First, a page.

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Putin named a controversial figure as the head of Russia Today news agency [Reuters]
|Russia’s president has abolished the country’s state-owned Ria Novosti news agency with no explanation issued to its staff.
Vladimir Putin announced the surprise move on Monday through a decree published on his website, saying the organisation would be replaced by a news agency called “Rossiya Segodnya” (Russia Today).
The new company will focus on “coverage abroad of Russian state policy and public life” with multilingual services as a way of “raising efficiency of state media resources,” the document published on the Kremlin website said.
Putin named Dmitry Kiselyov, a controversial figure often accused of being a propaganda mouthpiece and known for openly anti-gay, anti-American, and anti-opposition views, as the head of Russia Today.
“Restoring a fair attitude towards Russia as an important country in the world and one with good intentions – that is the mission of the new structure that I will head,” Kiselyov told the state TV broadcaster Rossiya 24.
“When this news first appeared, everyone thought it was a joke,” Russian protest leader and widely-followed blogger Alexei Navalny wrote on his Live Journal page. “But no.”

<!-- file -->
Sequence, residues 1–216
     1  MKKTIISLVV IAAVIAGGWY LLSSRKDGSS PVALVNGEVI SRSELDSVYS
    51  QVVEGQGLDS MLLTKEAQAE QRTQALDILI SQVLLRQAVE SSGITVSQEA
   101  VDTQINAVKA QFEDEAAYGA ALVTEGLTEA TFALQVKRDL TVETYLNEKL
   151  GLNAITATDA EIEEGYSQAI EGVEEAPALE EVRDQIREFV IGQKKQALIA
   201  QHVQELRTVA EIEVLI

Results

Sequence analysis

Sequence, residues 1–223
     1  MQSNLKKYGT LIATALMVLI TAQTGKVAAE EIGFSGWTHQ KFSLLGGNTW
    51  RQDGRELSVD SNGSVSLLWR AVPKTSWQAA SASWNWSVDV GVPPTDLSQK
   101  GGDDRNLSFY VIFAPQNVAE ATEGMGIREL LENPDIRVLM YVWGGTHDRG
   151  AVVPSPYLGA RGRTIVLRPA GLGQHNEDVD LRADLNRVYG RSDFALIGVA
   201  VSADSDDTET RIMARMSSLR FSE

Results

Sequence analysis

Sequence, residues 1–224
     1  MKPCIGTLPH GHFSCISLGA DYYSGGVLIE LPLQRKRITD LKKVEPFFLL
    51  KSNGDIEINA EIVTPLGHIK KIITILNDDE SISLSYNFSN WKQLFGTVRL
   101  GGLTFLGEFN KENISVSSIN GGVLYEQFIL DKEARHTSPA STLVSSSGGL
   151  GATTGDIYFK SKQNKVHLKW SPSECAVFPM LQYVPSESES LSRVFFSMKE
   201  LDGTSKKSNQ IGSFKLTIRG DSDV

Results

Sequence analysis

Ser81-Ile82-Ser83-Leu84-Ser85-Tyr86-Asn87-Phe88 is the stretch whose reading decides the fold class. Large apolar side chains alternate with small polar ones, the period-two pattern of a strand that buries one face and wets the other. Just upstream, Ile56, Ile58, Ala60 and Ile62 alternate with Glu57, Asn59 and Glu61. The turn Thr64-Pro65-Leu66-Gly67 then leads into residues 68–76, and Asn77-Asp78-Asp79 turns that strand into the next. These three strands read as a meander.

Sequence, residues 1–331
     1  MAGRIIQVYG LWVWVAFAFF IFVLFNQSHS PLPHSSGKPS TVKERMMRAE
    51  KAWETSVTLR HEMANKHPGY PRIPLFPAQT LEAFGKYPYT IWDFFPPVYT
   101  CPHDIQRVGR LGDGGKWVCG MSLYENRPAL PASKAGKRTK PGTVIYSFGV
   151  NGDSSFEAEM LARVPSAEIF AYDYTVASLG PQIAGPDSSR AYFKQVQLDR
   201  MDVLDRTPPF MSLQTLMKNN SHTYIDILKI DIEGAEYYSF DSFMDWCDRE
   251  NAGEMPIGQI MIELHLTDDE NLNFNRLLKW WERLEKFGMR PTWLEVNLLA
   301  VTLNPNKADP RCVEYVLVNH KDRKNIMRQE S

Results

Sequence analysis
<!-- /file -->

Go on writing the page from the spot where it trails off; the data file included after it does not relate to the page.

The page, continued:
The dissolved agency
The news reportedly came as a shock to the staff of RIA Novosti with one employee, who asked not to be named, saying they found out from the Kremlin’s website.
No explanation was given, with an internal email merely warning that a “liquidation committee” would be formed and asked that everyone remained calm.
“The move is the latest in a series of shifts in Russia’s news landscape which appear to point towards a tightening of state control in the already heavily-regulated media sector,” RIA said in an English-language article about Putin’s step.
The agency was one of the biggest in the world and was also an official sponsor of the Winter Olympic Games in Sochi next February.
It also recently became known for its detailed live reporting from Russia’s most high-profile trials.
RIA Novosti traced its roots to 1941 when the Soviet Information Bureau was established by communist rulers.